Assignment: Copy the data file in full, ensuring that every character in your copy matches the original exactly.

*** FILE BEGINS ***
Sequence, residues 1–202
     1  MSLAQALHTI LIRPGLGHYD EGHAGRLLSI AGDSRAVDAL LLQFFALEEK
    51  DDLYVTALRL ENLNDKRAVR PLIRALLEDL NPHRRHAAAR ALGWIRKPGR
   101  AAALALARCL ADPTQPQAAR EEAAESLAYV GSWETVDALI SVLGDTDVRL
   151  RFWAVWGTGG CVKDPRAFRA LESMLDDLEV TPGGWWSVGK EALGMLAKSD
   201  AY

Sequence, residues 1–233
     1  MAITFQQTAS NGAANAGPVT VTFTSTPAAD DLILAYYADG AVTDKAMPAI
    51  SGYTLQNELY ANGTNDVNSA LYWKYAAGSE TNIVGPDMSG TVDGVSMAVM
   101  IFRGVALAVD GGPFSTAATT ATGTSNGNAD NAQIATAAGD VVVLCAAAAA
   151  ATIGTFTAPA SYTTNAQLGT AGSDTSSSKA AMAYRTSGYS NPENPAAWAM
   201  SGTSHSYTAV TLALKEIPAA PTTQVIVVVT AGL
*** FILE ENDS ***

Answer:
Sequence, residues 1–202
     1  MSLAQALHTI LIRPGLGHYD EGHAGRLLSI AGDSRAVDAL LLQFFALEEK
    51  DDLYVTALRL ENLNDKRAVR PLIRALLEDL NPHRRHAAAR ALGWIRKPGR
   101  AAALALARCL ADPTQPQAAR EEAAESLAYV GSWETVDALI SVLGDTDVRL
   151  RFWAVWGTGG CVKDPRAFRA LESMLDDLEV TPGGWWSVGK EALGMLAKSD
   201  AY

Sequence, residues 1–233
     1  MAITFQQTAS NGAANAGPVT VTFTSTPAAD DLILAYYADG AVTDKAMPAI
    51  SGYTLQNELY ANGTNDVNSA LYWKYAAGSE TNIVGPDMSG TVDGVSMAVM
   101  IFRGVALAVD GGPFSTAATT ATGTSNGNAD NAQIATAAGD VVVLCAAAAA
   151  ATIGTFTAPA SYTTNAQLGT AGSDTSSSKA AMAYRTSGYS NPENPAAWAM
   201  SGTSHSYTAV TLALKEIPAA PTTQVIVVVT AGL